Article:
The only question here is whether four locks is a luxury. Thorn, Boric and Whitelock have all shown good form in the opening tests, while Donnelly finally recovered from his injury to take the field against Wales in Hamilton. While not doing anything spectacular, he performed the basics well and was a proven performer on the end of year tour in 2009. Thorn is an automatic starter, his all round abilities and fitness making him the consumate professional rugby player. Boric and Whitelock would appear to be the best bets to contest and win opposition ball, so it seems likely that they will be vying for the other starting position. Whitelock becomes an official squad member having been named only as cover for the series against Ireland and Wales.
Loosies: Richie McCaw, Jerome Kaino, Victor Vito, Liam Messam, Kieran Read.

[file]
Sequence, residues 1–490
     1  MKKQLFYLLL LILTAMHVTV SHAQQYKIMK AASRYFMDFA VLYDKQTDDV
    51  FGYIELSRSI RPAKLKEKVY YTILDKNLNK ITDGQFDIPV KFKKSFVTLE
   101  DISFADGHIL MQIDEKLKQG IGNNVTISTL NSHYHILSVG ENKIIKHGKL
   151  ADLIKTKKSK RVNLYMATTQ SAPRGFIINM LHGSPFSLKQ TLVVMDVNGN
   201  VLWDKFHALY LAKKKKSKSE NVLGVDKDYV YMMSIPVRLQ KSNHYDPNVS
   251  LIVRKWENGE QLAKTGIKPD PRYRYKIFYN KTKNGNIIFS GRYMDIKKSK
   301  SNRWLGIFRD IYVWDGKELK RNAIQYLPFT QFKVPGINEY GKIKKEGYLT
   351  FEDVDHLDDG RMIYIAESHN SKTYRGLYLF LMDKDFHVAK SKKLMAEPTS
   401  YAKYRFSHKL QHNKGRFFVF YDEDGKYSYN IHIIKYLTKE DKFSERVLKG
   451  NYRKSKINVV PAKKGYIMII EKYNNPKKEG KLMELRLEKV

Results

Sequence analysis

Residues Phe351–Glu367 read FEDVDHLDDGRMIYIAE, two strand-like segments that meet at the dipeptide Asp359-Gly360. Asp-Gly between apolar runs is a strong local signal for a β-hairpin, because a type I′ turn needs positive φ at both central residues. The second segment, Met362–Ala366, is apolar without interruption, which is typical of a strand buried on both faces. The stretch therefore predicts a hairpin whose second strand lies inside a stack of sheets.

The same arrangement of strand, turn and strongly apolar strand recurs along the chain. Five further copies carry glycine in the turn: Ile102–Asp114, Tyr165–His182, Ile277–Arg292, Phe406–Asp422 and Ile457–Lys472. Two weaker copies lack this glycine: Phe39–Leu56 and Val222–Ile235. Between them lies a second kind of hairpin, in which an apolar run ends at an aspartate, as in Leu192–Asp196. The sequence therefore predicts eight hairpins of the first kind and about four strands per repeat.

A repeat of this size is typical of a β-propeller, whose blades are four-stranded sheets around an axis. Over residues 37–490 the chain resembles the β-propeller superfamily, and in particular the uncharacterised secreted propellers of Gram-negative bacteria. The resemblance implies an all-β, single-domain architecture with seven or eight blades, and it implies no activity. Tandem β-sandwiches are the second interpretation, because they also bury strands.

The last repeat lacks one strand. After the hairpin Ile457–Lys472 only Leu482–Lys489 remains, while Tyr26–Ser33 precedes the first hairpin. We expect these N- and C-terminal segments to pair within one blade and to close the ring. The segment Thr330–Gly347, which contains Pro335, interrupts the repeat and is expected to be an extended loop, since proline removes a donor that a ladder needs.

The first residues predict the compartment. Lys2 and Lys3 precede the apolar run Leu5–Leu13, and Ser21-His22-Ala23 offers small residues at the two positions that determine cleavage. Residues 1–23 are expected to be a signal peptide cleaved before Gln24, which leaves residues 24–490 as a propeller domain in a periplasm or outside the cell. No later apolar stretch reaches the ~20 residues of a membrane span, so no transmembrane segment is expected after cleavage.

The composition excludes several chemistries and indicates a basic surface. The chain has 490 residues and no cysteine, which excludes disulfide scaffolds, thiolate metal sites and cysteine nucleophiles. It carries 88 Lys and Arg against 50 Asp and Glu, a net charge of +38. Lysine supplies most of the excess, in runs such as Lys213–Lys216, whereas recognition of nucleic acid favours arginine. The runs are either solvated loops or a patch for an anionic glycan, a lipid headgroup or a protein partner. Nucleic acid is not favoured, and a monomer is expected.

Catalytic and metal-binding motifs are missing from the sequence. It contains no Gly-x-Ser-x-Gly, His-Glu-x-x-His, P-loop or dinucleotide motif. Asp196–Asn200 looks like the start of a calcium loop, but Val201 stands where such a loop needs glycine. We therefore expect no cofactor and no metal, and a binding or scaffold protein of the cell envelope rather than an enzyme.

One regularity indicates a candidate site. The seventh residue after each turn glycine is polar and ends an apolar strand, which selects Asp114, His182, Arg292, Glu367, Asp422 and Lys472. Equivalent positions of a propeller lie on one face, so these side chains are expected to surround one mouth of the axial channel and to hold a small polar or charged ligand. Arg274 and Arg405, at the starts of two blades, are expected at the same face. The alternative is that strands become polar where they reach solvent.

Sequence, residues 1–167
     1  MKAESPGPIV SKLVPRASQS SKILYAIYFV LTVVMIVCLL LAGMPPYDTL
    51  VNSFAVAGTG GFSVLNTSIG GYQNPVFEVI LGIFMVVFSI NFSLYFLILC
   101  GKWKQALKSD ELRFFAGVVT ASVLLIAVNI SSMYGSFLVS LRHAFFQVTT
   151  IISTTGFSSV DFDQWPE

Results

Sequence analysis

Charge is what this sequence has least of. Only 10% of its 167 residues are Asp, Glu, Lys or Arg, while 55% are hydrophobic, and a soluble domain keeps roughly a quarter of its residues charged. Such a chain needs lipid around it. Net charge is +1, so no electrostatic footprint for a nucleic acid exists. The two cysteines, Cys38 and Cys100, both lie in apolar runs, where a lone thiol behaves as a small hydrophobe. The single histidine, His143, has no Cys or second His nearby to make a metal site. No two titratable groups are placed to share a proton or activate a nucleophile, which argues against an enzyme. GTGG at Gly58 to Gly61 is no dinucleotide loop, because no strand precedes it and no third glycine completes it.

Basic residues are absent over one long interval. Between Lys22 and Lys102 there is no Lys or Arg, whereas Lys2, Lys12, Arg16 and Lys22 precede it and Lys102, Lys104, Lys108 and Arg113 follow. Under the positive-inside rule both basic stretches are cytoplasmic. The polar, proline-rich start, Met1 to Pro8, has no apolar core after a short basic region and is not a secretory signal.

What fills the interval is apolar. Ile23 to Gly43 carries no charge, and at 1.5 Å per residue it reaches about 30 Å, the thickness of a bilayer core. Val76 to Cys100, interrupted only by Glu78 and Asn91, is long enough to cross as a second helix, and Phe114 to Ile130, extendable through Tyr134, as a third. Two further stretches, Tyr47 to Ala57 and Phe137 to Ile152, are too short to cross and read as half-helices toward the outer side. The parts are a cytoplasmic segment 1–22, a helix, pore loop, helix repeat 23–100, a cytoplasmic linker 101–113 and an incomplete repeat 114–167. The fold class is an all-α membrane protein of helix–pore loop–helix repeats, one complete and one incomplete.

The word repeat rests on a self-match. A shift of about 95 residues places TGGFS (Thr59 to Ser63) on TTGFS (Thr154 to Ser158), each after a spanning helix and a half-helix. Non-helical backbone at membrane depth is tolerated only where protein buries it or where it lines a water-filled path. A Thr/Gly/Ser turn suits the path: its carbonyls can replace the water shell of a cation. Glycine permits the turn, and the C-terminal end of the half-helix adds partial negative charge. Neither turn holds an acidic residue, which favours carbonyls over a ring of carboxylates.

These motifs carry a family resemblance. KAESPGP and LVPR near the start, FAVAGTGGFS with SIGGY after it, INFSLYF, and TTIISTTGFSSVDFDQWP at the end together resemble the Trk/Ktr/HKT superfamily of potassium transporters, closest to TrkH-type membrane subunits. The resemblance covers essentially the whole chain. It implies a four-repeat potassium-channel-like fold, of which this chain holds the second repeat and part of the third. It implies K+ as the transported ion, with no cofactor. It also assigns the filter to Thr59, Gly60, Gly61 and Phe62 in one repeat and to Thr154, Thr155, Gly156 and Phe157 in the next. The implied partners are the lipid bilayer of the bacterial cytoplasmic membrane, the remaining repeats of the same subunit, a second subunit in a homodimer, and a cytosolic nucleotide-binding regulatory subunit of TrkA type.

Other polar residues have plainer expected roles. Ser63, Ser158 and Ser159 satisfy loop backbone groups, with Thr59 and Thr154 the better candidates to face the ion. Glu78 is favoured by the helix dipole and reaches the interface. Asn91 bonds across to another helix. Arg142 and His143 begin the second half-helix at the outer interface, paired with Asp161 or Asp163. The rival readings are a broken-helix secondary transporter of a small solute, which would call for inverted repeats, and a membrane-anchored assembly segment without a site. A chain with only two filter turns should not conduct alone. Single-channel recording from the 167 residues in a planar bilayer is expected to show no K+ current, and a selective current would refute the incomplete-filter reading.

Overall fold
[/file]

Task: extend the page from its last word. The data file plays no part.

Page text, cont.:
A bizarre mix, with one specialist opensider in McCaw and then four players who are all essentially blindside/No 8s. Read has been tagged as back up to McCaw, which is somewhat intriguing given I don’t see him having the fetching abilities of an opensider although he does run good support lines. Kaino is a blindsider who can cover No 8. Vito is also a blindsider, but with ball running abilities that may one day see him become a great No 8.Messam comes into the squad at the expense of Adam Thomson, who was a blindside/openside option. Messam showed some good form for the Maori in their centennial series yet I still have doubts that he has removed the errors from his game and the question still remains over which position is his best. Currently that would be blindside, and I don’t see him as big enough to be an international No 8.